-af dynaudnorm=p=1/sqrt(2):m=100:s=12
    Thanks for the tip. I am trying to use this in FFmpeg but can't figure out your options? I want -3db from 100% gain, which may be close to the .95 default peak. I have been using WaveGain which defaults to -3db but only supports 2-channel WAV files, and I want to normalize 5.1 channel AC3.

    Strange, going form AC3 to WAV, -af dynaudnorm=p=0.35 gives me what sounds like the same volume level as using WaveGain after downmixing AC3 5.1 to stereo.
    Last edited by V1de0Luvr; 16th Sep 2016 at 09:00. Reason: Test Results
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  15. Originally Posted by V1de0Luvr View Post
    Thanks for the tip. I am trying to use this in FFmpeg but can't figure out your options? I want -3db from 100% gain, which may be close to the .95 default peak. I have been using WaveGain which defaults to -3db but only supports 2-channel WAV files, and I want to normalize 5.1 channel AC3.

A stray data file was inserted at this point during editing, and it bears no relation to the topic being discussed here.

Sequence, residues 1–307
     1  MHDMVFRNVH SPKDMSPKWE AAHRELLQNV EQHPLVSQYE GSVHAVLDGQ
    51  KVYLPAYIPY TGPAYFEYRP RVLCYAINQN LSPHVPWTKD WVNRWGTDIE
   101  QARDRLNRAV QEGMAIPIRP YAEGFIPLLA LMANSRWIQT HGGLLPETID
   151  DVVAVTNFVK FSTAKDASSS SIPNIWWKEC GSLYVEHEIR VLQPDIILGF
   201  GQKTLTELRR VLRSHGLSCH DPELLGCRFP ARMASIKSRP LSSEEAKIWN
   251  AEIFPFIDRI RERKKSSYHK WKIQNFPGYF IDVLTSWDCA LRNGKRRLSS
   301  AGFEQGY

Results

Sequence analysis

Strange, going form AC3 to WAV, -af dynaudnorm=p=0.35 gives me what sounds like the same volume level as using WaveGain after downmixing AC3 5.1 to stereo.
    Peak in my case is already -3.103dBFS (solve 1:SQRT(2)) and convert to dBFS - it will be exactly -3.103dBFS). My settings introduce two differences from default dynaudnorm - i allowed higher level change (100) this is to deal with extremely silent sources where up to 40dB "amplification" can be applied and second kind of mild dynamics (traditional) compression to further normalize loudness).
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    Originally Posted by pandy View Post
    Peak in my case is already -3.103dBFS (solve 1:SQRT(2)) and convert to dBFS - it will be exactly -3.103dBFS). My settings introduce two differences from default dynaudnorm - i allowed higher level change (100) this is to deal with extremely silent sources where up to 40dB "amplification" can be applied and second kind of mild dynamics (traditional) compression to further normalize loudness).